Never discuss politics, religion or lenses

Unless you have a lot of time and are prepared to come to blows. Any member of the camera team will willingly sell their grandmother if it helps prove a point about one lens being better than another. It’s like the football of cinematographers, we all side with a make or generation of lens and will defend it to the last – thinking about it I should get some shirts made up and start cashing in on the merchandising. I’ve always had a split loyalty – which in itself is heresy – between master primes and Cooke S4’s. I love the master primes for their technical genius and the uncompromisingly sharp wide stop, the S4’s for the character that they offer – the romantic feel to the colours and highlights. They’re not soft, just forgiving and pleasing.  However there is a new cowboy in town and I liked them so much I bought a set (with my business partner Zoran Veljkovic at Upsidedown Films). They are from a German manufacturer called Hannes Inno Tech and they have come up with a range of lenses called Celere HS.

Every time I get them out I’m asked a hundred questions about them so I thought I’d write up my findings and share them with whoever fancies a nerdy read. Firstly I want to be clear that I am not paid by or in league in any fashion at all with Hannes Inno Tech. Secondly I bought a set rather than hire them as (a) they are hard to get hold of and (b) they are affordable. Buying a set of master primes is not an option!

I’ll start by summarising what I like about them then look at the tests and finally the real world shooting experiences. For me they are a combination of the master prime and the S4’s. They are all T1.5 and sharp wide open (except our 25mm which I’m happier with at T2). They have a nice feel to the highlights with no halo or smearing around extreme bright spots and the drop off of focus feels good. We have a RED Dragon so the fact that they are full frame is important and there are nice little design features like they are all the same weight and size so swinging a lens on Steadicam requires no rebalance. I also like the company’s ambitions. They are developing additional elements to give us even more tools like uncoated interchangeable front elements and there is a clamping plate in the mount so you can stretch a net easily if required. They are just nice touches that help us adapt more easily to different looks. Are they as sharp as the master primes wide open? Probably not although I haven’t tested for this, are they as great as the Cooke S4’s with skin tones? I don’t know but what I do know is that they offer elements of both and I’ve found the combination of these characteristics to give really great pictures. As a disclaimer – all the framegrabs on this page are from prorez transcodes or compressed films not from rushes.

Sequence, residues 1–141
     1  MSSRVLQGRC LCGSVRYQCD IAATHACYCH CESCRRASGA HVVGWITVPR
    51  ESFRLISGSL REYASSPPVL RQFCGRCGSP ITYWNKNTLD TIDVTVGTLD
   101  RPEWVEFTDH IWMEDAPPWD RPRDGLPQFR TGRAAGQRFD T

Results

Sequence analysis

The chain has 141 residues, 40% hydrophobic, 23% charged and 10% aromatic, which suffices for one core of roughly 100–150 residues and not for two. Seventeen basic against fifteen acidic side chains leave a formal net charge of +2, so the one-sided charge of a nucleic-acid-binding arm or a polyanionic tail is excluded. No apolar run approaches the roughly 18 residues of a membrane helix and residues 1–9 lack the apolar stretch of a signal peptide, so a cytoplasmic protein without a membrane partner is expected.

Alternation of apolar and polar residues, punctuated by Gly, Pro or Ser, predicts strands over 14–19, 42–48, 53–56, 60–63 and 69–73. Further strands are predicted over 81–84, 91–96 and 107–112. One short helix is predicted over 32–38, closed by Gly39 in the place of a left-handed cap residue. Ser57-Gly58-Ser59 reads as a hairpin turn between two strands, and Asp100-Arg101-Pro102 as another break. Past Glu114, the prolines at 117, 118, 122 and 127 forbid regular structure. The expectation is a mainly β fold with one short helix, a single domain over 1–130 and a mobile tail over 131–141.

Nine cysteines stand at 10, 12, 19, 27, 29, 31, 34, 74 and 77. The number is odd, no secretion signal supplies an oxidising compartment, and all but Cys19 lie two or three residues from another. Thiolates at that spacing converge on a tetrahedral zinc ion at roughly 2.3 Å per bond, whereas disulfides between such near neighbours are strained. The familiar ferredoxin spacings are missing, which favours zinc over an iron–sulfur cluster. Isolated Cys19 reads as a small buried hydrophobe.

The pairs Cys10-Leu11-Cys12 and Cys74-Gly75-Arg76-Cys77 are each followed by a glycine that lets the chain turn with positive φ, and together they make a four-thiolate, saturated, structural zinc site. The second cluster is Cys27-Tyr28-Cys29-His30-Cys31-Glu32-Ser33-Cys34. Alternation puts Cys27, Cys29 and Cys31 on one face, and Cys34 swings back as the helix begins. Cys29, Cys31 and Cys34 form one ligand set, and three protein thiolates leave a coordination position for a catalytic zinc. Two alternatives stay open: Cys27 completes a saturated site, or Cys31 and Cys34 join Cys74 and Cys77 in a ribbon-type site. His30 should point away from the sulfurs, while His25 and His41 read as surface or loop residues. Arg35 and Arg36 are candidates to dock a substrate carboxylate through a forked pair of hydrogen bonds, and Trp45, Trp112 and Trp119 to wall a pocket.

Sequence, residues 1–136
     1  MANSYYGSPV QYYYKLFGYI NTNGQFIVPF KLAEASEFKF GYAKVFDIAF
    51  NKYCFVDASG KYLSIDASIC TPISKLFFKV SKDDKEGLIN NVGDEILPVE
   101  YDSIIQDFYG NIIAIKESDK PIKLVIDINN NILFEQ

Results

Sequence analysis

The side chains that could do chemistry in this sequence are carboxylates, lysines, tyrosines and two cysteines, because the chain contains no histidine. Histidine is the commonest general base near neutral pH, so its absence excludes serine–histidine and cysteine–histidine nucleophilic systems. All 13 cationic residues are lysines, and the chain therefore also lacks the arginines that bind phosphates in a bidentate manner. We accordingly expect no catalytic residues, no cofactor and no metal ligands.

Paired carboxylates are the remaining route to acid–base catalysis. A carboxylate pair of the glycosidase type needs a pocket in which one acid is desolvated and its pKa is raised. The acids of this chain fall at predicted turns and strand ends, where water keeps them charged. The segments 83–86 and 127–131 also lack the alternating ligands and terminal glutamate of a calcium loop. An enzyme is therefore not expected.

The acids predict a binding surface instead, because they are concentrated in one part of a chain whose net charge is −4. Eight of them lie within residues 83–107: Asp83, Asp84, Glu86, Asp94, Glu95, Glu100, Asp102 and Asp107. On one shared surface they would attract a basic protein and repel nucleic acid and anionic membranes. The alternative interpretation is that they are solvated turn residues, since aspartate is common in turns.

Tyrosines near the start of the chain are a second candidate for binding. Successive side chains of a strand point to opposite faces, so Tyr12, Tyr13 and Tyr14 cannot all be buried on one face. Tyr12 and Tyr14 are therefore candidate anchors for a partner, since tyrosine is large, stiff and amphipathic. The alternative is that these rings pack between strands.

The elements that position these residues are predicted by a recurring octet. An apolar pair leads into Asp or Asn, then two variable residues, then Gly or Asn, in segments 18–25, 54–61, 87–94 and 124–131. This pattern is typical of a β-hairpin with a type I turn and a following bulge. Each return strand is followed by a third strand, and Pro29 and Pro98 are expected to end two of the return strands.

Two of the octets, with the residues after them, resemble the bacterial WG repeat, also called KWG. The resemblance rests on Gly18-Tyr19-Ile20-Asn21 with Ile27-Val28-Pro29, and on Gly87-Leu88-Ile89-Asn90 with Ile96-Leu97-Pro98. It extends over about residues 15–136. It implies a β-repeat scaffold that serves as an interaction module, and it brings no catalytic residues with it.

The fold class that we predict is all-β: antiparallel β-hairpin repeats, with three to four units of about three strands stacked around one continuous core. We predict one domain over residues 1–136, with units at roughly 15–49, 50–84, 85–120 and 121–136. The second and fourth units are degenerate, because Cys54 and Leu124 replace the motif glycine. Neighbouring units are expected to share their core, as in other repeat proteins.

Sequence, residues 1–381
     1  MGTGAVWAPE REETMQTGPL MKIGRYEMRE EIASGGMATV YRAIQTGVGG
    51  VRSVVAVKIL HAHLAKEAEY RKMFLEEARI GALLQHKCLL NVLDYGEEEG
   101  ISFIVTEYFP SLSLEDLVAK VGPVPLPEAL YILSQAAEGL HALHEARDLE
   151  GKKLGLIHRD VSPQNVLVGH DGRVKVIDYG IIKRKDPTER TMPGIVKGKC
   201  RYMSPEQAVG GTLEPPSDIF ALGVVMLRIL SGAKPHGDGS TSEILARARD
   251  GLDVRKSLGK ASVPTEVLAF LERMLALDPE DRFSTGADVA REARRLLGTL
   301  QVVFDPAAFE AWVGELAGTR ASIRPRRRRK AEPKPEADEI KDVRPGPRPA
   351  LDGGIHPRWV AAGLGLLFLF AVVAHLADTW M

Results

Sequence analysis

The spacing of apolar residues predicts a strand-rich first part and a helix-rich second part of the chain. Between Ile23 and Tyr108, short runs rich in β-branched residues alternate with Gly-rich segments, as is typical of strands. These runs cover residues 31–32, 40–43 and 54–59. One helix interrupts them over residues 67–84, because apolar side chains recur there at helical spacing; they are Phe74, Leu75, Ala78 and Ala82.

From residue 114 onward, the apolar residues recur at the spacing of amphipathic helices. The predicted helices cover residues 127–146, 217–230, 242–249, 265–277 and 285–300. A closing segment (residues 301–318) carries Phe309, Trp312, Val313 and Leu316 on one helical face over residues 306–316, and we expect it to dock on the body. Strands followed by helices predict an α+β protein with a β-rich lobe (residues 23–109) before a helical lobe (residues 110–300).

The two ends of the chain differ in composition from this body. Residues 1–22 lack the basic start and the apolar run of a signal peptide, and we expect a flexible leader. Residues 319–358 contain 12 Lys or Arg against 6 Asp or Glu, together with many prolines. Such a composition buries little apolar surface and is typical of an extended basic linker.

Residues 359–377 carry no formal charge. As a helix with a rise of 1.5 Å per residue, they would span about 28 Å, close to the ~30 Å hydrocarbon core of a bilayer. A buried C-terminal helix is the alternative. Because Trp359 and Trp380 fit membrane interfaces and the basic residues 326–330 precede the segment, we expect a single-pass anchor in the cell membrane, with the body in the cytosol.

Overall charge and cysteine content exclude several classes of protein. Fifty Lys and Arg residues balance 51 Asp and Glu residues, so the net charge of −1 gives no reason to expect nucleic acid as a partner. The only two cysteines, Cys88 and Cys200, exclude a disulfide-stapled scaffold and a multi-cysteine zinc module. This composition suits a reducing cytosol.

We, I think, had one of the first sets in the UK and spent some time testing before we took them out. We looked at each stop on each lens and tried to use a mix of textures and colours. We did sharpness test etc separately and the lenses passed with flying colours – except as I mentioned the 25mm which was not as sharp as the others – so these tests were purely about the ‘look’ of the lens. To complete the tests at the highest resolution we put the EF mounts on and used a 5Dii. The picture profile was set to the most neutral setting possible and focus set to the teeth on the skull. Here are a selection of the frames from the 36mm. These are high rez jpegs.

I’ll let you draw your own conclusions but for me I like the way the focus drops off, it is not a harsh look but pleasing and gentle. The colours hold nicely in the soft areas and the highlights offer texture without losing contrast. I made these tests primarily with a feature I was about to shoot in mind. The feature was mainly exterior and based in a small village in Spain which is why I was so interested in highlight detail. For me the sweet spot of all the lenses was between 2.8 and 4 and I stuck to this stop range for most of the shoot. (see my previous blog ‘Experience doesn’t buy you perfection’ for more info on that shoot)

But for some of the night scenes where we needed to light a larger area with our slightly under resourced lighting package the speed of the lenses really helped

I must at this point I must also reveal  that we have had some build problems with the lenses. I believe that this is in part due to us having some of the very first off the production line. On the feature the 36mm seized up completely. This obviously made life very difficult! Again I must claim no allegiance to a company, this time Cintek. We bought our lenses from Cintek who are the UK distributer for the Celere HS. They reacted very quickly to the problem and despite us shooting in a tiny village in Spain they managed to get us a replacement on set within 48hrs. It is reassuring that when problems occur there is proper backup and Cintek couldn’t have performed better. The same happened to our 85mm a few months later, that was also dealt with very quickly and now all are in good shape. It is a worry that these problems have occurred but I believe that can be the lot for early adopters.